People can misread evidence, or it can lead people the wrong way, not to mention how some of it may be fake. Processes are more critical in understanding systems than their so-called 'results', or evidence. It can't tell us everything, let alone the right things all the time. Some evidence may even be placed out there around a bit of real evidence to trick people. That's why evidence alone I think is insufficient. Reason and systems dynamics can reveal lot a lot more. Why stuff happens rather than what it produces is where the real reasonings behind things can be seen. I think this has a good application to many conspiracy theories, which may indeed be present, and program people accordingly, but those obsessed with these conspiracies can also be misled. For reference, see my illuminati rigged sports Heat Spurs nba finals 2013 thread, which in that scenario, I actually decided that the NBA may have shifted the currents a bit in a very tight spot, but half the problem itself could be the paranoia that arises from these kinds of things; if either the Spurs or the Heat were clearly the more dominant team, than the NBA couldn't have done anything about the result. Conspiracies don't 'determine' things, so much as they may 'influence' things I think, albeit with very subtle pushes which we should know are present, but not totally freak out about. The most effective conspiracies are very shadowed and hard to prove or detect.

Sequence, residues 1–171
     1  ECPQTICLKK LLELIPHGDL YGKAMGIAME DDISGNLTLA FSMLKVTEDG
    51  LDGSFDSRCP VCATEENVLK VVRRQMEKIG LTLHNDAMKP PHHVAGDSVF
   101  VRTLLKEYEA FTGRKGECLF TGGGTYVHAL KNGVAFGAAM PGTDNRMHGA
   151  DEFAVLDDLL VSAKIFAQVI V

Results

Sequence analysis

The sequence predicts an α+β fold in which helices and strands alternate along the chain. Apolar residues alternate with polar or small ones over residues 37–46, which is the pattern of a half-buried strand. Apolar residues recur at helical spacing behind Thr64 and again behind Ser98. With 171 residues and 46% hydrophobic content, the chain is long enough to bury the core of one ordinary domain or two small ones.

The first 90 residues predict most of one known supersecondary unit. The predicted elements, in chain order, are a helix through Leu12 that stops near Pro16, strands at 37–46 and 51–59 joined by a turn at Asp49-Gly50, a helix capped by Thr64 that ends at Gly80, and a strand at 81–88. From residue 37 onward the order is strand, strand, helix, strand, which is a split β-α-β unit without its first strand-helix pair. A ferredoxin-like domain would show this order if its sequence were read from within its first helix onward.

I'm curious about what the following forum members on my friends list think about this topic:
@Ene @greenfairy @Mal+ @Mole @Rasofy @superunknown @The Great One @Time